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I'm looking for integers solution here. I know it has infinitely many solution derived from the first pair solution and gcd(a,b)|c. However, how could we find the first pair of solution? Is there any algorithm to solve this problem?

Thanks,
Chan

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3  
what did your web search yield? –  David Heffernan Feb 6 '11 at 23:45
    
@David Heffernan: Extended Euclidean algorithm is what I got, but I could not understand their pseudo-code written in a very weird language. –  Chan Feb 7 '11 at 0:16

1 Answer 1

up vote 7 down vote accepted

Note that there isn't always a solution. In fact, there's only a solution if c is a multiple of gcd(a, b).

That said, you can use the extended euclidean algorithm for this.

Here's a C++ function that implements it, assuming c = gcd(a, b). I prefer to use the recursive algorithm:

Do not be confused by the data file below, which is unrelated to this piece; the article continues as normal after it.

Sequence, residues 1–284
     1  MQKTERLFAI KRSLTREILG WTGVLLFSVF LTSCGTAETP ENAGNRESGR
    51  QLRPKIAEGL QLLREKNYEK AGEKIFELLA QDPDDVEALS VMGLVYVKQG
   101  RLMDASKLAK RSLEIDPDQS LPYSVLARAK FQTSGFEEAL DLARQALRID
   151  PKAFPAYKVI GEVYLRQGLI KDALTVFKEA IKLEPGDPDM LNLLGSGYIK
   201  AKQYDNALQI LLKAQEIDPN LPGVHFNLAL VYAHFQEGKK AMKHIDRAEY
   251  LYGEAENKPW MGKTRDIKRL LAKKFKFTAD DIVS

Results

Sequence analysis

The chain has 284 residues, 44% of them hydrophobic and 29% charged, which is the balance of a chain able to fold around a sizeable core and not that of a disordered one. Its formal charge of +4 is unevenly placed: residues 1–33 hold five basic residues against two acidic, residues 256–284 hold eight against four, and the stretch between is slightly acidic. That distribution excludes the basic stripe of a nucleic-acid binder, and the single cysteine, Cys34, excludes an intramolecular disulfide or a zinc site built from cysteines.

function extended_gcd(a, b)
    if a mod b = 0
        return {0, 1}
    else
        {x, y} := extended_gcd(b, a mod b)
        return {y, x-(y*(a div b))}

int ExtendedGcd(int a, int b, int &x, int &y)
{
    if (a % b == 0)
    {
        x = 0;
        y = 1;
        return b;
    }

    int newx, newy;
    int ret = ExtendedGcd(b, a % b, newx, newy);

    x = newy;
    y = newx - newy * (a / b);
    return ret;
}

Now if you have c = k*gcd(a, b) with k > 0, the equation becomes:

ax + by = k*gcd(a, b) (1)
(a / k)x + (b / k)y = gcd(a, b) (2)

So just find your solution for (2), or alternatively find the solution for (1) and multiply x and y by k.

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@IVIad: Thanks, can you briefly explain how it work? I tried to implement it using C++ but I could not get the expected result. –  Chan Feb 7 '11 at 0:31
    
@Chan - done. I hope it helps. –  IVlad Feb 7 '11 at 1:05

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